10. What advice do you give aspiring writers?

Oh, boy! I have a lot of advice. Work on your craft. Connect with other writers. Build up your platform, your social connections. No matter how supportive she is– your mother is NOT a critique partner or a beta reader! And neither is your sister, spouse, or best friend. Put your work out there. Yes, with strangers. Remember that publishing is subjective. Don’t be afraid of rejection. Learn the business of publishing. Never pitch your work as the next big seller. Take critiques with an open mind and don’t get angry. Your writing partners want the best for you. When critiquing others, go for the sugar, salt, sugar method. (What’s good about the story, what needs to be worked on, and what totally rocks). Kill your darlings. (There will be things you think are awesome or funny, but others, simply put, will not). If you’re writing a memoir, hire an editor to work with you on the manuscript before you pitch it to agents and/or publishers. You will need an objective eye. Celebrate your victories…and your defeats. You’re one step closer. Forgive typos; they happen to everybody. Roll up your sleeves, prepare to get dirty, and work hard. Don’t send your work off to an agent or publisher until it’s polished. Revise. Edit. Repeat. Be patient. When you can’t stand to look at your manuscript anymore…it’s ready.

Even if you have to shelve your first manuscript, or the second, no matter how amazing you think it is, don’t let it get you down. The great thing about writing is you can always dust yourself off and turn the page. Write another book. Revise. Edit. Repeat. This business takes guts. Are you ready to earn your racing stripes?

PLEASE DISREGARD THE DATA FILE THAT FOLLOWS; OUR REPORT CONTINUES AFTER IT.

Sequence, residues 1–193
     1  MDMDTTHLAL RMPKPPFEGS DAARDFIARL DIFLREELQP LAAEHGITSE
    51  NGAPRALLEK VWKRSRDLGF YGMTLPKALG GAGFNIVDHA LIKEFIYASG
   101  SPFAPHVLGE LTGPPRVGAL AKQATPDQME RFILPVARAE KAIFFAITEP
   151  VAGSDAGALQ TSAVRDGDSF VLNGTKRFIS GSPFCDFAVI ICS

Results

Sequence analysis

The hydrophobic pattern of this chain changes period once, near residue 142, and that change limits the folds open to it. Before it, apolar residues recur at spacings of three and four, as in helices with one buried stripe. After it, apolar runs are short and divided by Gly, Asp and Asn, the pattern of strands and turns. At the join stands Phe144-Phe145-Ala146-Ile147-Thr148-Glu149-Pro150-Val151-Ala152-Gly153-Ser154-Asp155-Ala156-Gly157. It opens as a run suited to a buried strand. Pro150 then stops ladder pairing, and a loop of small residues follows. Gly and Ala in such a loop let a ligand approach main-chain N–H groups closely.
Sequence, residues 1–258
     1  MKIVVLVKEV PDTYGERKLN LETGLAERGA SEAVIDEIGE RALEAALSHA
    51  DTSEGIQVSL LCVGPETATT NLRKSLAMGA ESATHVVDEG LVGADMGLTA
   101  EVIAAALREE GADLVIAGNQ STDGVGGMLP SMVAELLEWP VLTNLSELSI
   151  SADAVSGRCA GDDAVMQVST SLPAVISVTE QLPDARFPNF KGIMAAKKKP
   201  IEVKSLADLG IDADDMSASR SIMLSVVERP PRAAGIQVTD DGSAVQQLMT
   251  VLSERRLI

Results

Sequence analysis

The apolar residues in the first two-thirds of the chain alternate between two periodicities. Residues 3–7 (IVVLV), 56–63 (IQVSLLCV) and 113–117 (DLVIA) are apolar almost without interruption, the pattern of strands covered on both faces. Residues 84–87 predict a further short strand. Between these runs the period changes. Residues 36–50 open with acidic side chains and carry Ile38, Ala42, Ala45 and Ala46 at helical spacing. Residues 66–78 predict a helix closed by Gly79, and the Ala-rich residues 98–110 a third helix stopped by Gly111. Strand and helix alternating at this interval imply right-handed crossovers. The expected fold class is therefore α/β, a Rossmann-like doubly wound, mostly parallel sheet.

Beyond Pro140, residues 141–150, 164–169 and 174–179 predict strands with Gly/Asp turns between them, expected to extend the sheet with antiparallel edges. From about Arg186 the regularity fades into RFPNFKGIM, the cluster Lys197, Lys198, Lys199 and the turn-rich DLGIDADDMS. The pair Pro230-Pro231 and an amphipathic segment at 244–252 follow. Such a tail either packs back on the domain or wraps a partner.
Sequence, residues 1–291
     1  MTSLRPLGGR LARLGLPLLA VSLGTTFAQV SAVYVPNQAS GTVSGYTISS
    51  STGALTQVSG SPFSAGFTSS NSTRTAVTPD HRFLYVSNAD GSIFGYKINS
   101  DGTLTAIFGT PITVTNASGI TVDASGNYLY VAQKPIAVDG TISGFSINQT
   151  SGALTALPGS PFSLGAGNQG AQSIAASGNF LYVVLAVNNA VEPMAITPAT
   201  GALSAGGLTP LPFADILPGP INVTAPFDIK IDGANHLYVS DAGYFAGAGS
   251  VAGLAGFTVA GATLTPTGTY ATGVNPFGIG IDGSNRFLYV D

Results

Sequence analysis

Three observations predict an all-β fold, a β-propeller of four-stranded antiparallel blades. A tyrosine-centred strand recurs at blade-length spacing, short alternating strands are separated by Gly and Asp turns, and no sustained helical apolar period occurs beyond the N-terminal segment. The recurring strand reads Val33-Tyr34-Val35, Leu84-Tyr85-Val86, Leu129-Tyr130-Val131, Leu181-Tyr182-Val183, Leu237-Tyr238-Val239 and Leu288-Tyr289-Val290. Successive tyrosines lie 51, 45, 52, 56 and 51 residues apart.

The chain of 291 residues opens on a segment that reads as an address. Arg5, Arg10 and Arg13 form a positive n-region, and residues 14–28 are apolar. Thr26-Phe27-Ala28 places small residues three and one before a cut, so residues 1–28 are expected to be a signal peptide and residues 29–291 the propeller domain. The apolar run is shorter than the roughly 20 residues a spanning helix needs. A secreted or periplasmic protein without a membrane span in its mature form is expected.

It took me seven years (there’s my number) to get where I am today, meaning two books under my belt. My publishing journey wasn’t easy and there were no short cuts. (Some people get lucky! We will lynch them later.) Alas, the most important advice I can give is: Never give up! It takes an extraordinary amount of courage to put yourself out there. If you really want to be a writer, you can do it.

Sometimes I call myself Seabiscuit. Thankfully, I found the right people who believed in me and pushed me forward. Now that I’ve been trained by the best, it’s off to the races. If I fall down, I’ll just dust off my knees and get back up. Giddy-up.

Samantha, thank you for playing.

 Grab a copy of Seven Letters from Paris here


Seven Letters from Paris

by Samantha Verant

In the best romantic tradition of Almost French, a woman falls madly in love with a Frenchman in Paris, but with a twist. It takes her twenty years to find him again …